Dubai: The Indian rupee briefly plunged to about 24.8 versus the UAE dirham on Wednesday, as per rates aggregated by Google, before stabilising to 19.98 about an hour later. The momentary plunge sent UAE expats rushing to exchanges and banks for confirmation.
However, the Indian rupee was at 73.48 against the US dollar and no exchanges or banks reflected this plunge in rates. The prices fluctuated between Rs 23 to Rs 24.83 against one dirham, according to Google data, which reflects real-time exchange rate data provided by US-based financial services firm Morningstar.
Expats should check rates with local exchanges and/or banks before making any money transactions based on these rate fluctuations. Also, note that the Indian currency market trading hours are from 0900 Indian Standard Time (IST) to 1700 IST, indicating that trading had ended when the brief spike in rates were seen.
India's rupee to weaken this month
India’s rupee was expected to weaken this month after it strengthened considerably in August, tracking a stronger-than-usual US dollar. This drove the Indian rupee to be among the top performing currencies among other emerging Asian currencies, indicators showed.
Analysts had earlier forecasted how a weakening rupee in September would set a highly favourable trend for remittances from the country.
Analysts at Switzerland-based investment bank UBS noted earlier this month that the Indian currency is set to weaken to 77 per US dollar by the end of the year — more than 5 per cent weaker than current levels — and depreciate further to 79.5 by September 2022.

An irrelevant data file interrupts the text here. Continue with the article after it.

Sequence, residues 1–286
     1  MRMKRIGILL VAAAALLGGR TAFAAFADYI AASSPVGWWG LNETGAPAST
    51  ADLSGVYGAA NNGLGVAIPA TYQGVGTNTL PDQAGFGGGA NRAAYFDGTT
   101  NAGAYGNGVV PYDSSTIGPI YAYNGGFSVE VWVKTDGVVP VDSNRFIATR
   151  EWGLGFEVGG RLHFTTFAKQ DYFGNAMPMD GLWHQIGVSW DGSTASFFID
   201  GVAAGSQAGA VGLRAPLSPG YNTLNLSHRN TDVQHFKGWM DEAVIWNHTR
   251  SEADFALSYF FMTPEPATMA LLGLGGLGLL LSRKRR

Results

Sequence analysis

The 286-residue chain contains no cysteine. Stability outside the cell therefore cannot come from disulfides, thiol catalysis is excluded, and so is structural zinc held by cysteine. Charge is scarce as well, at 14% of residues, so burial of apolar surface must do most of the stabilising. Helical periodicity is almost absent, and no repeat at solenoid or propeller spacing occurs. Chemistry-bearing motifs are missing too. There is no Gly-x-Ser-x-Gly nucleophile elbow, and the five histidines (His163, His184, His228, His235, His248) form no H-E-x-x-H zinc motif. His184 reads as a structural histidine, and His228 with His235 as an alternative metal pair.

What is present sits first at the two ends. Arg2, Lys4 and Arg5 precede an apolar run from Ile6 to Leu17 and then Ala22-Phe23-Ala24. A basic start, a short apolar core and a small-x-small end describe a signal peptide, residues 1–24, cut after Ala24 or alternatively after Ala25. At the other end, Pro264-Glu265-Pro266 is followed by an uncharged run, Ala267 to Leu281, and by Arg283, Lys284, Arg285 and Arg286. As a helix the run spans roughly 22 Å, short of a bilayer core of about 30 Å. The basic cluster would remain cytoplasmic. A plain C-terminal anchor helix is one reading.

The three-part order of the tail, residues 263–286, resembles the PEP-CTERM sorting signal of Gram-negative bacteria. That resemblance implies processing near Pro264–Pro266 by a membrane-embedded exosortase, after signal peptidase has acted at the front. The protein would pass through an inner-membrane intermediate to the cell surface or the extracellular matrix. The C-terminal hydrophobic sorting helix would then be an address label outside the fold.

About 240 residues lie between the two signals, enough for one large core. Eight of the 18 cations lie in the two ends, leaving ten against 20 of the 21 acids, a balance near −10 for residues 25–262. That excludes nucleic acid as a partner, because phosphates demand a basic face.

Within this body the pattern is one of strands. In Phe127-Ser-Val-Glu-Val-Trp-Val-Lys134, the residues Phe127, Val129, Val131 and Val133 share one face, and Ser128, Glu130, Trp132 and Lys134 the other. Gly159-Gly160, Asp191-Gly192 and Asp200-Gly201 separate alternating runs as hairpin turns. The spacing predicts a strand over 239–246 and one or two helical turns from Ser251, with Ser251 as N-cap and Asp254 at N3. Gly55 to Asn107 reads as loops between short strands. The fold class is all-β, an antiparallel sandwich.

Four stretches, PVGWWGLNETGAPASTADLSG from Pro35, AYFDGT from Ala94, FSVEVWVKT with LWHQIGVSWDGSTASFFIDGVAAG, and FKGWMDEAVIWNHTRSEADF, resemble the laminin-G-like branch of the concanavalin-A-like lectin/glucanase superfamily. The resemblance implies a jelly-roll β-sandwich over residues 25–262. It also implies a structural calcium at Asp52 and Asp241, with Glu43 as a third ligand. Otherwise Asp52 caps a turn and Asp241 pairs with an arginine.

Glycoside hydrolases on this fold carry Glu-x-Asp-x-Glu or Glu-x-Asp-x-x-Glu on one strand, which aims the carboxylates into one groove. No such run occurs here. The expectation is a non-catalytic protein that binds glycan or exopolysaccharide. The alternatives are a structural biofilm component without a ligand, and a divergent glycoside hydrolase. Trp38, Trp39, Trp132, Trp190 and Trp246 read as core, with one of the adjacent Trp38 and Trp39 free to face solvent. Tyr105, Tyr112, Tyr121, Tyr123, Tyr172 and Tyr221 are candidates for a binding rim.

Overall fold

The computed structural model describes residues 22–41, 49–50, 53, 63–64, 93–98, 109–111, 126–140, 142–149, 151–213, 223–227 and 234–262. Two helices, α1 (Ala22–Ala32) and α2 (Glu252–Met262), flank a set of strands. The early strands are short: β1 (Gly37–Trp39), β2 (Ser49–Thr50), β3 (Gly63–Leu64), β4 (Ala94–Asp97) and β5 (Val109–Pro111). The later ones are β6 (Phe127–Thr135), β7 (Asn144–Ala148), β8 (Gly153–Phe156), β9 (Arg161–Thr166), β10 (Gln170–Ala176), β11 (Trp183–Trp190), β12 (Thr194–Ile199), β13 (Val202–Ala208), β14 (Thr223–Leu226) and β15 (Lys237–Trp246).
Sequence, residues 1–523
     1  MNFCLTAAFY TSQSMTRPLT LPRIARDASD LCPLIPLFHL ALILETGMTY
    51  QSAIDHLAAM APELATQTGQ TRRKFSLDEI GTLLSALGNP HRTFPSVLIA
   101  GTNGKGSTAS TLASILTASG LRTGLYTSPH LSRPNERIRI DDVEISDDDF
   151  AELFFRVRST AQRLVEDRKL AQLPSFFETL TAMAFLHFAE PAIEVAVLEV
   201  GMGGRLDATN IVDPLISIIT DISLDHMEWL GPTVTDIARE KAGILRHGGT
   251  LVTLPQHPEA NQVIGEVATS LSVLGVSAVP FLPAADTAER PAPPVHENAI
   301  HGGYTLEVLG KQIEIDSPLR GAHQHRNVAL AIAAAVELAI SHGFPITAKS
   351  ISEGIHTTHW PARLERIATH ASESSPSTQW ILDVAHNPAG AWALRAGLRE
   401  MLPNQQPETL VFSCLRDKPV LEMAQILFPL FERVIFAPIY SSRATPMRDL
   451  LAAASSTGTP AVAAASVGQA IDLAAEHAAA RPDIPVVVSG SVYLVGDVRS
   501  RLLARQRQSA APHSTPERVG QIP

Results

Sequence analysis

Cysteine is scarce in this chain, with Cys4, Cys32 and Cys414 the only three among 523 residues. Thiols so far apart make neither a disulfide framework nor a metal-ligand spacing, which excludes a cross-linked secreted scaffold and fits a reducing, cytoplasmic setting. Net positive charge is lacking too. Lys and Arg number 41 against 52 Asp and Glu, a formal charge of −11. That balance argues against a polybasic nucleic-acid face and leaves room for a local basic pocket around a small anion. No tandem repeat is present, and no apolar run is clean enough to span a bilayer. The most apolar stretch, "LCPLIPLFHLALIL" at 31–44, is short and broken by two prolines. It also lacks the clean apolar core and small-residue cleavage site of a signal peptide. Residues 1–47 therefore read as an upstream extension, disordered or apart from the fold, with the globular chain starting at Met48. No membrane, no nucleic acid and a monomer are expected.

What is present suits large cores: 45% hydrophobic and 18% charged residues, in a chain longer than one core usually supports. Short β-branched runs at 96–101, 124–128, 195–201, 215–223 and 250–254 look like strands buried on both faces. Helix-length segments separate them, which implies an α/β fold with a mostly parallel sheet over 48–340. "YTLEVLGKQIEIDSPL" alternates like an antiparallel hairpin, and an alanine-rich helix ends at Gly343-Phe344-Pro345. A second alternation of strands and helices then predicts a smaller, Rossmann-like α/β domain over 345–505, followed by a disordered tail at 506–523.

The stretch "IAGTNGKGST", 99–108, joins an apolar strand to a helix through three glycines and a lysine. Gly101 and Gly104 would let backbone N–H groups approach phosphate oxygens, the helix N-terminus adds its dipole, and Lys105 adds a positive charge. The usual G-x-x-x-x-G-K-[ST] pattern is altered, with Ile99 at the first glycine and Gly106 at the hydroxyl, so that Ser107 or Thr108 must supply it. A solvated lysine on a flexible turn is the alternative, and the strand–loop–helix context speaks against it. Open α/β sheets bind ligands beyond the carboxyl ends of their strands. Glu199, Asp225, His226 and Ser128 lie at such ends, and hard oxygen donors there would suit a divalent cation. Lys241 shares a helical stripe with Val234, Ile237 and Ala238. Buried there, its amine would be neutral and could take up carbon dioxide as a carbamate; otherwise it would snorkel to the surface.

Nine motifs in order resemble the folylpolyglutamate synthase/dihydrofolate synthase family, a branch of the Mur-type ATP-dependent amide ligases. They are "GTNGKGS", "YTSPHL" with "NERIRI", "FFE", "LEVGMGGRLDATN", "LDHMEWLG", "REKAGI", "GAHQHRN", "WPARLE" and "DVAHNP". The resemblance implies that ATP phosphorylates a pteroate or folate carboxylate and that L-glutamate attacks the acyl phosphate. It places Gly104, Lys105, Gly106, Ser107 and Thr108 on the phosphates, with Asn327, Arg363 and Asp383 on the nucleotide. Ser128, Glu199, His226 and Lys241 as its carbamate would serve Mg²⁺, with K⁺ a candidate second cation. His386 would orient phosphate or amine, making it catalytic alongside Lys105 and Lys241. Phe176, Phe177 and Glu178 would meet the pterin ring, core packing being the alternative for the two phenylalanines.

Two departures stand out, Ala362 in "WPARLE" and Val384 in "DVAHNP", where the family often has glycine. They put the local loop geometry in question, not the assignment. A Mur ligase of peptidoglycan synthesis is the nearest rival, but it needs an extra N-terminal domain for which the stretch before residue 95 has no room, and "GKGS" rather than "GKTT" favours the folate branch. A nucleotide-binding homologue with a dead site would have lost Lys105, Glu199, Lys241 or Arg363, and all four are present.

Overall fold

On the other hand, British bank HSBC expected the rupee to hold up “relatively well” in a stronger dollar environment as persistent FDI inflows and better foreign-exchange reserves will help the currency withstand external headwinds.
Why has India's rupee been gaining?
The gains in rupee, particularly in August, is the result of heavy buying in domestic equities and weakness in the greenback. Fresh foreign capital inflows into the Indian equity markets also bolstered the rupee.
The Indian rupee appreciated against the dollar last month as a slower US inflation rate elevated bets that the US Federal Reserve would keep its monetary policy accommodative slightly longer, a move that is tracked by central banks and market investors worldwide.
Indian rupee is likely to test 76-76.50 levels as a relatively strong greenback, rising crude prices and COVID-19 headwinds deepen the depreciation bias for the domestic currency, according to experts.
Experts are also of the view that the short term gains of the rupee against the dollar is not going to last long. On long-term trajectory, the Indian currency is likely to fall towards 75.50-76 level and could even test the 77-mark by year-end, breaching the year’s lowest point of Rs20.82 in mid-April.